UK’s £5bn ‘vanity project’ sat-nav system scrapped with government urged to rejoin EU scheme

Clouds over Chilbolton Observatory near Stockbridge in Hampshire obscuring a view of the "Blood

The government has urged to rejoin the EU's sat-nav system - Credit: PA

A government-backed satellite project to rival the EU’s has been scrapped and labelled nothing more than a “vanity project” by a former Tory defence minister.

Theresa May’s plan for Britain to have its own GPS satellite navigation system has been ditched, leaving many in Whitehall pressuring the government to rejoin the EU’s Galileo programme.

May had allocated £92 million for the project back in May 2011 and earlier this year the government teamed up with a private telecomms company to purchase a 45% (£900 million) in OneWeb, a bankrupt US technology company which had attempted to build a constellation of 650 satellites.

MORE: Government wins majority stake in bankrupt satellite company as it attempts post-Brexit sat-nav system

Now, the entire project is on the verge of being scrapped after experts said the machinery could not be re-purposed.

Tory MP Tobias Ellwood, chairman of the defence select committee, agreed, and said the failure of OneWeb has left the UK without a back-up to the US’ Global Positioning System (GPS).

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The former parliamentary under-secretary for defence told The Express the system had been a “vanity project”.

He said: “We need to remove the politics from security.

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“Common sense must prevail. If we don’t have the back-up of Galileo we are going to have problems.”

Suggestions the machinery could we re-purposed to operate as a GNSS system have also been ditched after experts said their orbit was too low to make the idea viable.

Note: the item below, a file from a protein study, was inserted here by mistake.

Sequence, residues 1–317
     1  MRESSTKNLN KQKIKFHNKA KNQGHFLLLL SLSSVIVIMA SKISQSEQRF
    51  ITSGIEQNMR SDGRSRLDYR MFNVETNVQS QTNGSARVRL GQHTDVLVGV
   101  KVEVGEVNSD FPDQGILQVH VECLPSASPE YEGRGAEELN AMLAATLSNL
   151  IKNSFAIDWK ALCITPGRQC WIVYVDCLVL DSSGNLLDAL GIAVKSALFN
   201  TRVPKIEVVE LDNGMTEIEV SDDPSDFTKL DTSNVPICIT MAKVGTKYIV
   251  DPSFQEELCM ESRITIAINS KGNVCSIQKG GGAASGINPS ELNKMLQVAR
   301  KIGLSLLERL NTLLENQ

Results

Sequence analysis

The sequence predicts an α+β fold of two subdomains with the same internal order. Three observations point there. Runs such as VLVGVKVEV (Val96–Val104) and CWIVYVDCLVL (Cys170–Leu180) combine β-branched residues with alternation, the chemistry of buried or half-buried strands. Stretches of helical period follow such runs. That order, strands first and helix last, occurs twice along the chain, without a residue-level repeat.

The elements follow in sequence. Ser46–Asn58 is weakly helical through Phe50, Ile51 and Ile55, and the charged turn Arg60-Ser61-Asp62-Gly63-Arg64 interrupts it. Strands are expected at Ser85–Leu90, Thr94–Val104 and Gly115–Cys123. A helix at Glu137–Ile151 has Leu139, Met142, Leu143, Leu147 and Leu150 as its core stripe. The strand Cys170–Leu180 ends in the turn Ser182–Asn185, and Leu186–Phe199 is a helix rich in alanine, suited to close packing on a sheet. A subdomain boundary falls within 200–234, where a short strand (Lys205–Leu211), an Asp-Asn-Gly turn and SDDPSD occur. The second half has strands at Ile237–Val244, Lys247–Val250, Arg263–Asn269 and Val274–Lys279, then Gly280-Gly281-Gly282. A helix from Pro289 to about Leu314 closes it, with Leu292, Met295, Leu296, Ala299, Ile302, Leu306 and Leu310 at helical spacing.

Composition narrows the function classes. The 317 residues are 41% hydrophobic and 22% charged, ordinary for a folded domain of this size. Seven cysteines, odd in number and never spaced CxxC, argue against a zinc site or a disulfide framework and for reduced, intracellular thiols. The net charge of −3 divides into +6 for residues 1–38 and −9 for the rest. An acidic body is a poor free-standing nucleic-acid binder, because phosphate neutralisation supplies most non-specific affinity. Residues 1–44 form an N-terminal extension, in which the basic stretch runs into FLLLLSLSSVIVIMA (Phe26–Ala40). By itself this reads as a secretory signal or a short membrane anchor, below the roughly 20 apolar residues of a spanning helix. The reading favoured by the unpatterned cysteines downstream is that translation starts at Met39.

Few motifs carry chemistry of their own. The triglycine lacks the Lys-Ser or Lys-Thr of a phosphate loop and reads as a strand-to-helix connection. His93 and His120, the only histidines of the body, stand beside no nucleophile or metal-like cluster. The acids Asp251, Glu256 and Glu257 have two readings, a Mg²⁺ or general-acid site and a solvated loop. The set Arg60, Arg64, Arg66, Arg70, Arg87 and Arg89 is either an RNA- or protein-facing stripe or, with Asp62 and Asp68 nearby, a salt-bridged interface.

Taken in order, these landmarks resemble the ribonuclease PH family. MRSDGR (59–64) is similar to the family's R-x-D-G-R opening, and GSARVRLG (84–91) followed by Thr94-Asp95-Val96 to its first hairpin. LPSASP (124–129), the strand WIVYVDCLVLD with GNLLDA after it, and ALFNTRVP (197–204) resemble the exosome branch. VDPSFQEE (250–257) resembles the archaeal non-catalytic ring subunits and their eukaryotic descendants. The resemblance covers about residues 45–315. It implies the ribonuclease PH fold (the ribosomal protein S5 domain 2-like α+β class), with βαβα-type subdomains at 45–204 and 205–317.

An industry insider told the media outlet: “The OneWeb satellites are not currently designed to deliver a navigation service, so are not a solution to the lack of access to Galileo.

“The production facility developed by Airbus for OneWeb in order to build the satellites is a) largely robotic (to keep the costs down) and b) in Florida.

“For both these reasons, the claim about bringing lots of jobs to the UK is questionable in the extreme.

“Note also that, if they try to change the satellite design in order to provide a navigation service they’d have to redesign the robotic production facility, and that would not be cheap.”

They added: “Having licensed OneWeb, under international treaties the UK is now legally liable for the OneWeb satellites

“If OneWeb goes bust and abandons its hardware in space, the UK is responsible for the debris.”

Whitehall and industry experts are now pushing the government to rejoin the EU’s sat-nav system - an idea being flatly rejected by No 10.

In July, business secretary Alok Sharma told MPs the government was “exploring how OneWeb may be able to contribute to PNT resilience in the future”.

A spokesman for the Department for Business, Energy and Industrial Strategy said: “The government has set a clear ambition for a sovereign space programme which will bring long-term strategic and commercial benefits for the UK. Work is ongoing across government to determine the UK’s positioning, navigation and timing requirements, and assessing options for meeting them.”

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